September 8th, 2020
Tax Freedom Day Comes Late For Illinois – The 7th Highest Tax State
The non-partisan Tax Foundation in Washington, DC, just released its annual calculations for its Tax Freedom Day (TFD), and the news is not good.
Tax Freedom Day is the day when US taxpayers have earned enough money to pay their total tax bill for the year. After that day, the money is the taxpayers’ to keep. Taxes at all levels of government are included, whether levied by the federal government or state and local governments.
Tax Freedom Day for US taxpayers this year is April 21, three days later than last year. Taxpayers have three fewer days of their money to keep. According to the foundation, “In 2014, Americans will pay $3.0 trillion in federal taxes and $1.5 trillion in state and local taxes, for a total tax bill of $4.5 trillion, or 30.2 percent of income.” In 1900, Americans paid only 5.9 percent of their income in taxes.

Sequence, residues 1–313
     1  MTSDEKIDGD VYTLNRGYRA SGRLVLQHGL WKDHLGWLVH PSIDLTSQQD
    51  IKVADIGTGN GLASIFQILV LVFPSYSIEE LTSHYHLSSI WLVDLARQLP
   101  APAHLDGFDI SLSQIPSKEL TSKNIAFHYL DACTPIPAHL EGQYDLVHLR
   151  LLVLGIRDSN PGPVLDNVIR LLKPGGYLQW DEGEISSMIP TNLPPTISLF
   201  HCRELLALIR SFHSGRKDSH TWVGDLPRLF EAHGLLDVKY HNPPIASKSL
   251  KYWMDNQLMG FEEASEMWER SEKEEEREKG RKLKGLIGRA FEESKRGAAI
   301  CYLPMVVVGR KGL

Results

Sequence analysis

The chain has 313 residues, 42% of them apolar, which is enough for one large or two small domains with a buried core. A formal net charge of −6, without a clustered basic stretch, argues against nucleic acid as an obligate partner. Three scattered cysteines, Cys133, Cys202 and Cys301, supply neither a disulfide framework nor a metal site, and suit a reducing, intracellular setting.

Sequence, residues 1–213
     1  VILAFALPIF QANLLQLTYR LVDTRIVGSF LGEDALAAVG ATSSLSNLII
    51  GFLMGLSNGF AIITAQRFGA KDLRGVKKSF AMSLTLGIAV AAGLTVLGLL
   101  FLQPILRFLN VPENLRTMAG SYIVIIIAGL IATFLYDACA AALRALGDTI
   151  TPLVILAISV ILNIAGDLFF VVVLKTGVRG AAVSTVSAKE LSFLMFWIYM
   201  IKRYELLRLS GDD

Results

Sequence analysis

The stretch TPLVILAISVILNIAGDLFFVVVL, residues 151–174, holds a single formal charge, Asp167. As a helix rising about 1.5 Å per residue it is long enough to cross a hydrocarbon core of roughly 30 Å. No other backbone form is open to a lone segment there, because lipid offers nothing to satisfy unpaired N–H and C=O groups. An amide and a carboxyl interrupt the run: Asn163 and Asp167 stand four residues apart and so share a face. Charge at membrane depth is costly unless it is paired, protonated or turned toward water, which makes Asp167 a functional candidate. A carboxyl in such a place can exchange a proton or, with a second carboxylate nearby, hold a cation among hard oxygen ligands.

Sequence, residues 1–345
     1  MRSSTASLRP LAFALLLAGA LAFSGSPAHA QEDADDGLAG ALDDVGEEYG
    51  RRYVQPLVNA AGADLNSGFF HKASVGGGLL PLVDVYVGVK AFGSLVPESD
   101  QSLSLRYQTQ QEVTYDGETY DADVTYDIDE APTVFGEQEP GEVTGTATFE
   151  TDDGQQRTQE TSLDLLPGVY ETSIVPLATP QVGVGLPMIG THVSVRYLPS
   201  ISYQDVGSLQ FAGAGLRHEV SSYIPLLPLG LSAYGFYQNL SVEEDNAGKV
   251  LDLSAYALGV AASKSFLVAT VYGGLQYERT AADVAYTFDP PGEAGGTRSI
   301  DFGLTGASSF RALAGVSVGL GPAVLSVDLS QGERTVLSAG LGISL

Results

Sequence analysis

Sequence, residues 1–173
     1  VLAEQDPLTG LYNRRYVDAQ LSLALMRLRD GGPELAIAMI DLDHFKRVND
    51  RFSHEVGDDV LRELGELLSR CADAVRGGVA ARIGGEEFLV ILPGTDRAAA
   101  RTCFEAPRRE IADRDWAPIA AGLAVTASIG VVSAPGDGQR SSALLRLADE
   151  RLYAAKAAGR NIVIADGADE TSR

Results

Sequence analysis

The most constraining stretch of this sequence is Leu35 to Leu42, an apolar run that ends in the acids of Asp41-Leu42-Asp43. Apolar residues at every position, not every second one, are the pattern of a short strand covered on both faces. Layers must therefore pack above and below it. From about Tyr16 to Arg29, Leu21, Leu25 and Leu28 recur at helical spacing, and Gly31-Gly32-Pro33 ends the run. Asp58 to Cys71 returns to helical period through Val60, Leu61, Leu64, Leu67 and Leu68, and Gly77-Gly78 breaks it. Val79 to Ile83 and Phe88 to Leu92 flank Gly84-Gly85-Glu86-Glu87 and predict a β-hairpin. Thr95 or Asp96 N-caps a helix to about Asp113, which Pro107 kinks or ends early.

Total tax burdens vary from state to state due to different state and local taxes. Illinois’ total tax burden clearly shows it is a high-tax state. The Illinois Tax Freedom Day is April 28, making it the 7th highest total tax burden in the nation. Connecticut is tied with New Jersey for number 1, the highest total tax burden, and California is number 4.
Illinois’ high tax rates place it at a distinct disadvantage with respect to adjacent states. Of the states surrounding Illinois, every state has a lower tax burden.
Wisconsin is 13th highest, with a Tax Freedom Day of April 22. Iowa is 32nd highest, with a TFD of April 13. Indiana is 24th highest, with a TFD of April 16. Missouri is 36th highest, with a TFD of April 11. Kentucky is 44th, with a TFD of April 8.
“This November, the election for Illinois Governor and members of the Illinois General Assembly will determine whether the state economy thrives or withers away,” said Jim Tobin, President of Taxpayers United of America (TUA). “Taxpayers and small businesses are fleeing to states with lower taxes, such as Texas (32nd highest) and Florida (25th highest). Unless the state personal income tax of 5 percent and the state corporate income tax of 9.5 percent in Illinois are reduced, Illinois will become an economic wasteland.”